Non-limiting examples of suitable nonionic surfactants include alkoxylated alcohols (AE's) and alkyl phenols, polyhydroxy fatty acid amides (PFAA's), alkyl polyglycosides (APG's), C10-C18 glycerol ethers, and the like. Additional suitable nonionic surfactants can be found in U.S. Pat. Nos. 4,133,779, 4,483,779, 4,681,704, 4,483,780, 4,565,647, and 6,482,994.

Additional suitable surfactants include those disclosed in U.S. Pat. No. 8,309,505 and those surfactants disclosed in McCutcheon's Detergents and Emulsifiers, North American Edition (1986), Allured Publishing Corp.; McCutcheon's, Functional Materials, North American Edition (1992), Allured Publishing Corp.

In another example, the substrate can comprise a polymer. Non-limiting examples of polymers can include synthetic polymers as described in U.S. Pat. No. 8,349,787 including polymers derived from acrylic monomers such as the ethylenically unsaturated carboxylic monomers and ethylenically unsaturated monomers as described in U.S. Pat. No. 5,582,786. The polymers which are suitable may also be selected from naturally sourced polymers including those of plant origin examples which are described in U.S. App. No. 61/120,786. Modified natural polymers are also useful as water-soluble polymer(s) in the present invention and are included in U.S. Pat. No. 8,349,787.

In one example, polymers can include polyvinyl alcohols, polyacrylates, polymethacrylates, copolymers of acrylic acid and methyl acrylate, polyvinylpyrrolidones, polyalkylene oxides, starch and starch derivatives, pullulan, gelatin, hydroxypropylmethylcelluloses, methycelluloses, carboxymethycelluloses, and combinations thereof. Suitable polyvinyl alcohols can include those available from Celanese Corporation (Dallas, Tex.) under the CELVOL® trade name. Suitable hydroxypropylmethylcelluloses include those available from the Dow Chemical Company (Midland, Mich.) under the METHOCEL® trade name.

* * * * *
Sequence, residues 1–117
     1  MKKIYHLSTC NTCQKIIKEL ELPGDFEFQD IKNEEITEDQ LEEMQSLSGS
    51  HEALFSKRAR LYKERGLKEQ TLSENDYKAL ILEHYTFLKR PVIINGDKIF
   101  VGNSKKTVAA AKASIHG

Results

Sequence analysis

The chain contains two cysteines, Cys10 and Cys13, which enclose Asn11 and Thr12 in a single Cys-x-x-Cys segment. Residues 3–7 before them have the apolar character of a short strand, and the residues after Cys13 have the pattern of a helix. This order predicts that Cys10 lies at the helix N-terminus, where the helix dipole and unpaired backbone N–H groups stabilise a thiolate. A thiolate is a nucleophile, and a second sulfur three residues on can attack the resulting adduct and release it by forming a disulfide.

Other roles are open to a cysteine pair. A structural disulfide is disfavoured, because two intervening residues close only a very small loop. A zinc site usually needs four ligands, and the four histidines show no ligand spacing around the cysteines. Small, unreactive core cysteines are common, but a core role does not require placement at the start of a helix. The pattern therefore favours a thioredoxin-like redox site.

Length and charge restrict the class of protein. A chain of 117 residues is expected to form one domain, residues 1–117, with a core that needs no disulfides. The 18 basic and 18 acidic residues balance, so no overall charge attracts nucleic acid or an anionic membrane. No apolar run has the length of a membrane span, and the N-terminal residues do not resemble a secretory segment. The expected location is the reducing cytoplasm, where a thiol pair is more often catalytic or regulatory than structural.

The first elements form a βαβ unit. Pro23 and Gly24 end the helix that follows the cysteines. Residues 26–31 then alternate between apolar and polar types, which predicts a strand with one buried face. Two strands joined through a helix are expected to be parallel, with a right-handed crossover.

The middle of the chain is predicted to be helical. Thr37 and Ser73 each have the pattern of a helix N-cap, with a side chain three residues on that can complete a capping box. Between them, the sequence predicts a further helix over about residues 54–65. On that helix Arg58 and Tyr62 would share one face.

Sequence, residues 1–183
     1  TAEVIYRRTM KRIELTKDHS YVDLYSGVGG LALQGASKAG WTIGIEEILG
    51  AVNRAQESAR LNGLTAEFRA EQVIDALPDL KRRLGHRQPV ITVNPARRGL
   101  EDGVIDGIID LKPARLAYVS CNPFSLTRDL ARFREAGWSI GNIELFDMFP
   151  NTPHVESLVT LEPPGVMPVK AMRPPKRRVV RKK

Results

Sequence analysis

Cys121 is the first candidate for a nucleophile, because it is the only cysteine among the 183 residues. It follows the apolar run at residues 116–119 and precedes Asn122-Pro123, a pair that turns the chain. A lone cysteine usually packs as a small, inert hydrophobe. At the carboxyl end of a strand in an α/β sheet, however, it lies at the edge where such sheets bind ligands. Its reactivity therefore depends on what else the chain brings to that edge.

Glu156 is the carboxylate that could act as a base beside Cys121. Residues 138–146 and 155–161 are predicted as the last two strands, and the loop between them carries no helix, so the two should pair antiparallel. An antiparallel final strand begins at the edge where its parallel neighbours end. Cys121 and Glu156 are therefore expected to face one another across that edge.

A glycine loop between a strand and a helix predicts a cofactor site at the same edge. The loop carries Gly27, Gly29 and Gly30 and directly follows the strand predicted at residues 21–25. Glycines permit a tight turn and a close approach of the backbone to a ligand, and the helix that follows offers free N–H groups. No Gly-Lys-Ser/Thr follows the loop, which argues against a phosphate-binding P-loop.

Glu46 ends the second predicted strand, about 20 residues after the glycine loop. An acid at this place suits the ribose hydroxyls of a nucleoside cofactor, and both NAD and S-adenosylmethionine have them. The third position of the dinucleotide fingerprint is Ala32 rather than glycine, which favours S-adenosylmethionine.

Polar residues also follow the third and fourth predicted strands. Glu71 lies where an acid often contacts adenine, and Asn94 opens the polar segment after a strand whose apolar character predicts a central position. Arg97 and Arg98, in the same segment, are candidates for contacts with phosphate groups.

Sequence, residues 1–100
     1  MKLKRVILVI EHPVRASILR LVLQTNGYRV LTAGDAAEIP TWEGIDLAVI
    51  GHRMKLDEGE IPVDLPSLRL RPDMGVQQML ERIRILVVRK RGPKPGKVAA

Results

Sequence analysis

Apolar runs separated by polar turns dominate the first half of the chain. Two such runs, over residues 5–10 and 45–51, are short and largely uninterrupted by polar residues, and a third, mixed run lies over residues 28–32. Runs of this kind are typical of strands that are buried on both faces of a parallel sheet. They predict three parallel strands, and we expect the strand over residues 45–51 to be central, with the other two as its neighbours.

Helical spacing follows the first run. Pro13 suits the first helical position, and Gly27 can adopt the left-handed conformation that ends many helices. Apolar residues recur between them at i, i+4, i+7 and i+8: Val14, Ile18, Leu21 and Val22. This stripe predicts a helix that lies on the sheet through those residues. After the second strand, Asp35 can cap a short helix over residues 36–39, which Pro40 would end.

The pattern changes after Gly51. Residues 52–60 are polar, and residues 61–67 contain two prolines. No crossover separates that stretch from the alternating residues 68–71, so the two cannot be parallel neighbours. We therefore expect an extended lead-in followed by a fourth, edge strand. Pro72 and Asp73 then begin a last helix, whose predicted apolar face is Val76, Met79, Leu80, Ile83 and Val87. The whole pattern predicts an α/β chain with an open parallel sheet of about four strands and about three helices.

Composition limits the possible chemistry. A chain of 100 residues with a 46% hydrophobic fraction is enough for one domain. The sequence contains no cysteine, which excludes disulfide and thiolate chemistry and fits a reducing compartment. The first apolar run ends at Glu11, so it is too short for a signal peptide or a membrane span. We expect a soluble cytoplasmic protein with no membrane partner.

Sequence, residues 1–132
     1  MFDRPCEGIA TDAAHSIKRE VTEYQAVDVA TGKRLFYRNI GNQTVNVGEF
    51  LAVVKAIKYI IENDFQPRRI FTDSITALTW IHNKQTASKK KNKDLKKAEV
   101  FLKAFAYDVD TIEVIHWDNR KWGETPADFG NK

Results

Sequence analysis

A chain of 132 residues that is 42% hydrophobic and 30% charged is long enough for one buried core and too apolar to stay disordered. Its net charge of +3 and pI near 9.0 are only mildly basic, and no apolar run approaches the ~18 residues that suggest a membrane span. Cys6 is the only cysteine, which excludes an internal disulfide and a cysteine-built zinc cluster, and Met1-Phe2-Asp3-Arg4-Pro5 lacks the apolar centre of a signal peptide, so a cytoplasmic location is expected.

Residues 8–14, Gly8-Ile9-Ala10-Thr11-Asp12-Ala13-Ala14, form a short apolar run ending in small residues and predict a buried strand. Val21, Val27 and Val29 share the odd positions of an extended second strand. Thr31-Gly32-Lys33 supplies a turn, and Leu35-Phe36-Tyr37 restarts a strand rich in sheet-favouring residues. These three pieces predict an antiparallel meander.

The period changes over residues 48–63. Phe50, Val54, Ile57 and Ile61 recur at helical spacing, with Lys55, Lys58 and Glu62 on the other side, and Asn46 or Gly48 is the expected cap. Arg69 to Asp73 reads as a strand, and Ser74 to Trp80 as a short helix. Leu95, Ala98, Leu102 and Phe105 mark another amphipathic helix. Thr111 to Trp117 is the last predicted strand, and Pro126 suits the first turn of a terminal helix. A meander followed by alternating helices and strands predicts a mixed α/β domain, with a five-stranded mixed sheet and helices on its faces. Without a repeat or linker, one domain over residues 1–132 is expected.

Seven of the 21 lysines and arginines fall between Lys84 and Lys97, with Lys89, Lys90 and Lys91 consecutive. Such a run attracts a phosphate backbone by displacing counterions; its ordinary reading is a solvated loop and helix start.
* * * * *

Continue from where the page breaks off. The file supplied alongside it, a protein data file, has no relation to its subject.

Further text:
In another example, the polymer can comprise a polysaccharide, such as starch and/or a starch derivative, such as an ethoxylated starch and/or acid-thinned starch. Typical sources for starch-based materials can include cereals, tubers, roots, legumes and fruits. Native sources can include corn, pea, potato, banana, barley, wheat, rice, sago, amaranth, tapioca, arrowroot, canna, sorghum, and waxy or high amylase varieties thereof.

In another example, the substrate can comprise a plasticizer. Non-limiting examples of plasticizers can include polyols, copolyols, polycarboxylic acids, polyesters and dimethicone copolyols. Examples of useful polyols include, but are not limited to, glycerin, diglycerin, propylene glycol, ethylene glycol, butylene glycol, pentylene glycol, cyclohexane dimethanol, hexane diol, polyethylene glycol (200-600), sugar alcohols such as sorbitol, manitol, lactitol and other mono- and polyhydric low molecular weight alcohols (e.g., C2-C8 alcohols); mono di- and oligo-saccharides such as fructose, glucose, sucrose, maltose, lactose, and high fructose corn syrup solids and ascorbic acid.